With the nation still reeling from the revelations that possibly hundreds of children and adolescents have been the victims of lead poisoning from contaminated water in Flint, Michigan, a new case highlights the protections needed by victims of lead poisoning.
According to the Maryland Attorney General’s office, Chevy Chase based Access Funding engaged in a scheme to locate people who were due settlement payments stemming from lead poisoning, aggressively pursue them, and convince them to sell their structured settlements to Access Funding for pennies on the dollar. The alleged scheme ran from March 2013 until August 2015 and allowed the company to purchase over $32 million of payments for just $7.5 million.
Structured settlements are often given to personal injury victims who will need continuous medical or psychological care over the long term. They are favored over lump sum settlements because with a structured settlement the victim is not able to easily spend all of the money at one time. Lead poisoning settlements in Maryland stem largely from people who grew up in Baltimore rentals which had lead based paint, which is highly toxic to children.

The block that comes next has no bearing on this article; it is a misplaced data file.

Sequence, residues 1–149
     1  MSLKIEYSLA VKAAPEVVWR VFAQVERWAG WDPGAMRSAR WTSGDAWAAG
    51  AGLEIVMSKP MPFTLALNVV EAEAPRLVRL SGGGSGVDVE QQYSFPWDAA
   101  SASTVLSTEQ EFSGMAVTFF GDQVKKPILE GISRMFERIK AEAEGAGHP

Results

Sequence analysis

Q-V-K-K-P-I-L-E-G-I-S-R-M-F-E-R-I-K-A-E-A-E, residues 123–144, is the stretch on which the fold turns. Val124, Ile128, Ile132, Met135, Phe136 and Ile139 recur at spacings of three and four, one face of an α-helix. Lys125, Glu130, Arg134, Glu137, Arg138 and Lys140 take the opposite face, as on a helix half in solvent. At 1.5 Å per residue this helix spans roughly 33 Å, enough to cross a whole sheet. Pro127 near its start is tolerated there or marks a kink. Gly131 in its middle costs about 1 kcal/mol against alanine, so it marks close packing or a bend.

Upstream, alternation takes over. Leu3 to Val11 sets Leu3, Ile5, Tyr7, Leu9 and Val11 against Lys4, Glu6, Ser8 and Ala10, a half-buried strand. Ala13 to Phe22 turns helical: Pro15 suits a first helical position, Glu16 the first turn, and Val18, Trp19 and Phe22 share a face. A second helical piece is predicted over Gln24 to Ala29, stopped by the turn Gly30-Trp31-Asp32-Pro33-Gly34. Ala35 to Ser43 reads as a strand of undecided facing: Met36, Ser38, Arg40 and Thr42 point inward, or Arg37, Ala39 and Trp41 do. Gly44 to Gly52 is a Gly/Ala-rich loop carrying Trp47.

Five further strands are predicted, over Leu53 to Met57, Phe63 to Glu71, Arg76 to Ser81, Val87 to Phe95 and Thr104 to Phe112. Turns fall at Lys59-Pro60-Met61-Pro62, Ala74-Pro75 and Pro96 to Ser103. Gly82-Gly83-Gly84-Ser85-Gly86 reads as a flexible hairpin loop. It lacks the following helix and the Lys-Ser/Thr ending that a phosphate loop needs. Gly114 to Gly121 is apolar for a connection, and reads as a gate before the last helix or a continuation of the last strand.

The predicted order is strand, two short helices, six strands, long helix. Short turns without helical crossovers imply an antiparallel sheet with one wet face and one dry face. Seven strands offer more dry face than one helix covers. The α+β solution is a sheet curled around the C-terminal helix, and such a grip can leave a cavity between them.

The State of Maryland had previously passed laws which were meant to help prevent structured settlement recipients from irresponsibly cashing out. These rules included the requirement that the recipient get the counsel of an independent professional adviser before selling his settlement, an adviser who is not affiliated with the purchaser of the settlement. In the lawsuit filed by the State of Maryland it is alleged that Access Funding provided the same adviser to all of its customers, and that the adviser is a longtime friend of the company’s founder.
The State of Maryland is asking the Baltimore Circuit Court to force Access Funding to repay the settlements that they purchased from the victims.